heart of the INBOUNDS system. Multiple Data Source
modules feed real-time network data into the engine. This engine makes a decision on whether a network connection looks normal or anomalous. The Display module shall display real-time network traffic seen in the network on which INBOUNDS is being run, with a GUI front-end. The Active Response module takes response actions against intrusions. The response actions include being able to add a rule in the network firewall (if available) to block the traffic, to rate-limit traffic, to close the TCP connection by sending a RST packet to the sender etc. The Intrusion Detection module is present as a placeholder for a module that can make the final decision on whether the connection being analyzed is intrusive or not. The goal of this module is to incorporate the results of other modules, beside the ANDSOM module, and come up with a final decision. The modules that could be added in future include signature based intrusion detection systems like SNORT [3] and modules based on other paradigms like the Bayesian module under development.
a. Data Source Module. The Data Source module feeds
live network data packets to Intrusion Detection Engine.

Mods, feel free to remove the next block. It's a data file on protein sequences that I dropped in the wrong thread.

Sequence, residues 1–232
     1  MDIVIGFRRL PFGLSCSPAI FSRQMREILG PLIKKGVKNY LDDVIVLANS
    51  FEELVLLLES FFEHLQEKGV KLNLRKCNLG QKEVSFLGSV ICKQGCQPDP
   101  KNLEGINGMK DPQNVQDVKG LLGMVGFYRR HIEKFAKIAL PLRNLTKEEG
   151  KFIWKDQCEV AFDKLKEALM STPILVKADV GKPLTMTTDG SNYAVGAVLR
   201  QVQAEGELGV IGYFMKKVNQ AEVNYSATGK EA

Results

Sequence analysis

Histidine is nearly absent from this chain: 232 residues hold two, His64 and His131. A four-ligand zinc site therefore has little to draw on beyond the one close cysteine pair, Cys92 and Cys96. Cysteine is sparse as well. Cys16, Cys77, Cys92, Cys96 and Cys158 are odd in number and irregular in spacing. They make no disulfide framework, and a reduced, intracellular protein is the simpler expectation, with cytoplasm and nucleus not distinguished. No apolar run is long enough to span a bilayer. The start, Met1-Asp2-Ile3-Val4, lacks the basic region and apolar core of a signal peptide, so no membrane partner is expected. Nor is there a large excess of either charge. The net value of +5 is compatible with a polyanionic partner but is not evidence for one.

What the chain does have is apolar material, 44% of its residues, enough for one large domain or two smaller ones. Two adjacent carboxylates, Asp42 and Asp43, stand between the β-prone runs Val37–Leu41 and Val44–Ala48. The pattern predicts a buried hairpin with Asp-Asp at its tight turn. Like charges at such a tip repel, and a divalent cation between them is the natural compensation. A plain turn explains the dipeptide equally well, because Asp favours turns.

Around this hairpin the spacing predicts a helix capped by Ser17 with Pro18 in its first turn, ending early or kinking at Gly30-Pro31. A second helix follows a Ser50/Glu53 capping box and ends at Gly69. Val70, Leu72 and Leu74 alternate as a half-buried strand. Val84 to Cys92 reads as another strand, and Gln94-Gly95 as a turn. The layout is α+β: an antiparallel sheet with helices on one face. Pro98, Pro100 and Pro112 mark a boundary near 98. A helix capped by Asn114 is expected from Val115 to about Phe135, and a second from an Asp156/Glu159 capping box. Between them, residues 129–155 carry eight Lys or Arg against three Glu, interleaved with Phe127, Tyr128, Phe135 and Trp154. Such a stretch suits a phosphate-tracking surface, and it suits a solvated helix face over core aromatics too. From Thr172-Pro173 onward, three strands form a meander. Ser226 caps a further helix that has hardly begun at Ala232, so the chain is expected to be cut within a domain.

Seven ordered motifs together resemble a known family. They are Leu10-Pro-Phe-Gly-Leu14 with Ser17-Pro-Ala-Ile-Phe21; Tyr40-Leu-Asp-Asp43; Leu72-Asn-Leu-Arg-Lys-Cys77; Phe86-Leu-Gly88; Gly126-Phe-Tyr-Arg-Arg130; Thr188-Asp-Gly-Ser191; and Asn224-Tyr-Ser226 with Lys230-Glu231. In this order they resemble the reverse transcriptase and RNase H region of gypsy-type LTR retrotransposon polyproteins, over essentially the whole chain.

The program tcpurify [9] runs as the Data Source module,
captures network packets off the wire, removes the
application data from the packet and reports only the first
64 bytes of each packet, covering the IP and TCP/UDP
protocol headers. The tcpurify program can also obfuscate
the sender and receiver IP addresses and provide
anonymity to the two hosts involved in the network
connection during traffic analysis.
b. Data Processor Module. This module receives the raw
packets from the Data Source modules as input and runs
the tcptrace program with the INBOUNDS module. The
INBOUNDS module for tcptrace reports the following
messages for every connection seen in the network. Open
messages are reported upon seeing a new connection
being opened in the network. The Open (O) message is of
the format:
O TimeStamp Protocol <src host:port> <dst host:port> Status
The TimeStamp field reports the time the connection was opened. The Protocol field keeps track of if the protocol was TCP or UDP. Since UDP traffic doesn't have an implicit notion of connection unlike TCP, the Data Processor module groups UDP traffic between unique <SourceIP,SourcePort,DestinationIP,DestinationPort >
4-tuples as connections, and uses a time -out mechanism to expire old connections. The < srchost : port >, and < dsthost : port > fields together identify the end-points involved in the connection. The Status field is reported as 0 if both SYN packets opening the connection were seen, and reported as 1 otherwise, for TCP connections. For UDP connections, the Status field is always reported as 0.
c. Update messages are reported periodically during the